Determining the Equation of a Sine and Cosine Graph that speeds up

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  • #1
FGD
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Summary:

What is the equation I would need to fit my function to the graph?

Main Question or Discussion Point

My function needs to speed up towards the left. How do I do this?
Wave.jpg

Green is the graph.
Red is my function that needs to match the graph.
A = Amplitude = -0.13
H = Phase Shift = 0.1625
V = Vertical Shift = 0.05
P = period = 0.4
B = 2π / P
Y = A (Cos(B (X-H) ) + V
 

Answers and Replies

  • #2
FactChecker
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Using that function, there is no way to "speed up" the left side without changing the right side. The parameter B controls the "speed" evenly across the entire thing.
 
  • #3
FGD
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Is there another function that would work?
 
  • #4
FactChecker
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My immediate answer is to treat the two sides separately, using the same function but changing B. Is that ok? For other ideas, you should specify any additional requirements that you have.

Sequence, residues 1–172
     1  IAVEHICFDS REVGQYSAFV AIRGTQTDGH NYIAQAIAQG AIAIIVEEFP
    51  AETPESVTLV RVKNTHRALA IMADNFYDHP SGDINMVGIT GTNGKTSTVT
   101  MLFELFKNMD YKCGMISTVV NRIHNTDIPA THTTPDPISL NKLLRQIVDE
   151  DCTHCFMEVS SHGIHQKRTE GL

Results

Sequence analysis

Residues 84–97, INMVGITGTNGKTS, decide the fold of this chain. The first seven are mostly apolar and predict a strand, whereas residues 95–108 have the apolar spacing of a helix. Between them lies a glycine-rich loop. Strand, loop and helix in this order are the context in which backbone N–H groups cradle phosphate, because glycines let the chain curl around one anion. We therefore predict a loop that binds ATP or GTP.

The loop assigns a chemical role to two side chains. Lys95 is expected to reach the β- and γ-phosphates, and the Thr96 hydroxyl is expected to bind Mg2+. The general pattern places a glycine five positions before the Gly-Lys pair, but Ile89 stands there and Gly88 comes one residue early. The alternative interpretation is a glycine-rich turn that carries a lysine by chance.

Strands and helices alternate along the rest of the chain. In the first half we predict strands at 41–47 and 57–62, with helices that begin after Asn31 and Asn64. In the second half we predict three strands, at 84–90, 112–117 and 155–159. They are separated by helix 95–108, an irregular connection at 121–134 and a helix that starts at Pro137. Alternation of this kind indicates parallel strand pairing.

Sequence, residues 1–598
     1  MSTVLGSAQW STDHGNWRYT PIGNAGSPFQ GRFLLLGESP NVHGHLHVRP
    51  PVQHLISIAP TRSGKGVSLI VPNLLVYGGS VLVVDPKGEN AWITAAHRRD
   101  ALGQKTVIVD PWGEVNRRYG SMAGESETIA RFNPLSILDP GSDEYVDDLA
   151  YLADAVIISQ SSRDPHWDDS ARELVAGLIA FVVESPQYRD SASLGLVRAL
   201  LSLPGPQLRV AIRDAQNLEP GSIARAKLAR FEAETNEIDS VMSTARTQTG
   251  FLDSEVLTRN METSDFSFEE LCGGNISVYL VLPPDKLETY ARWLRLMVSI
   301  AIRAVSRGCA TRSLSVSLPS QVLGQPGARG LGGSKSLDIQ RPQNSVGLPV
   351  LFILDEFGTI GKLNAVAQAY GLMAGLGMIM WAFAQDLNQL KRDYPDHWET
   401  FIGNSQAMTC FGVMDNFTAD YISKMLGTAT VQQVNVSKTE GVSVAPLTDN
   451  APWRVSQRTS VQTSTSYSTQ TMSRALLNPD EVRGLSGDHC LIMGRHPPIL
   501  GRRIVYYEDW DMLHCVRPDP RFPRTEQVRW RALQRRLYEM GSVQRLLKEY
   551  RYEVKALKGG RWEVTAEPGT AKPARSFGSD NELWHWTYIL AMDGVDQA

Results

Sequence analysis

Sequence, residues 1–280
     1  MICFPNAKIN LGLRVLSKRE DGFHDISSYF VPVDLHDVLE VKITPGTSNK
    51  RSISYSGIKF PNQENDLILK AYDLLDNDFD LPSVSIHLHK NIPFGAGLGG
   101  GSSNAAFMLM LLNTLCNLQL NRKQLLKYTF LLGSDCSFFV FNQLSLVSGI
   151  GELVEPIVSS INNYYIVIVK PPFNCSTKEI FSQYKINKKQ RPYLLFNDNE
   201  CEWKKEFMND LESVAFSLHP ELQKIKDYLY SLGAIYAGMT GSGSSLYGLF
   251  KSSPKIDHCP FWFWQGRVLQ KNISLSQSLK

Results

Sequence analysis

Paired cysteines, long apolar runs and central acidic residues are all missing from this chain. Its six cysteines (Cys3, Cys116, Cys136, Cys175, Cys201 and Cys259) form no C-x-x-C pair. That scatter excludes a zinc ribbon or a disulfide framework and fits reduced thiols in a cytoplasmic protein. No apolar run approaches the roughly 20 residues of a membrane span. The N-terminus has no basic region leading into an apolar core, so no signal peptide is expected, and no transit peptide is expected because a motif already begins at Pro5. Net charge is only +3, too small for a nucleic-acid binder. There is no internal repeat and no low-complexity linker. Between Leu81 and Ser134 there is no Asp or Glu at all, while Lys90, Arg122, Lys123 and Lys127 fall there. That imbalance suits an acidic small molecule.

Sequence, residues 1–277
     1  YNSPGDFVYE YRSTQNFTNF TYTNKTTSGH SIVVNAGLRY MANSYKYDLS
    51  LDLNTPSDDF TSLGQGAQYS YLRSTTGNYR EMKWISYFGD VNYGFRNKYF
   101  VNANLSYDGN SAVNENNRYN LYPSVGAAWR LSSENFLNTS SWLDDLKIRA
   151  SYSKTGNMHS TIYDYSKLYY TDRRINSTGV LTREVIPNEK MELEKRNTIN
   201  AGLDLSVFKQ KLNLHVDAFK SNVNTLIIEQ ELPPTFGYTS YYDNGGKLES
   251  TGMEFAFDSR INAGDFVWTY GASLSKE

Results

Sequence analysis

• #5
FGD
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Good suggestion. You just gave me another thought. Would there be some way to alter B based on X?
The additional requirements are that this data set will be compared against multiple with the same function. My worst fit is this data set. (Again faster frequency on the left. Red is my function)
Checkmark.jpg
 
  • #6
FactChecker
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Good suggestion. You just gave me another thought. Would there be some way to alter B based on X?
The additional requirements are that this data set will be compared against multiple with the same function. My worst fit is this data set. (Again faster frequency on the left. Red is my function)View attachment 264304
I don't know a good way to change B smoothly based on x, because that would change the right side. What I had in mind was something where you leave B with its current value when x > H and give it a larger value when x < H.
 
  • #7
FGD
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AllData.jpg

Here is the full data set. The order is Red, Green, Pink, Yellow, Blue, Purple. If I can get this function to work then I hopefully can get each data set to morph into the next over time.
 
  • #9
FGD
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Yeah something very similar to the bicubic example in that link.
 
  • #10
FactChecker
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Yeah something very similar to the bicubic example in that link.
If you can use something like MATLAB, it has some fairly sophisticated curve-fitting tools. See https://www.mathworks.com/help/curvefit/multivariate-and-rational-splines.html

If MATLAB is not available to you, you might look at the free statistical package, R. The first answer here has the R code for a multivariate interpolation using a referenced package. I have no experience with it.
 

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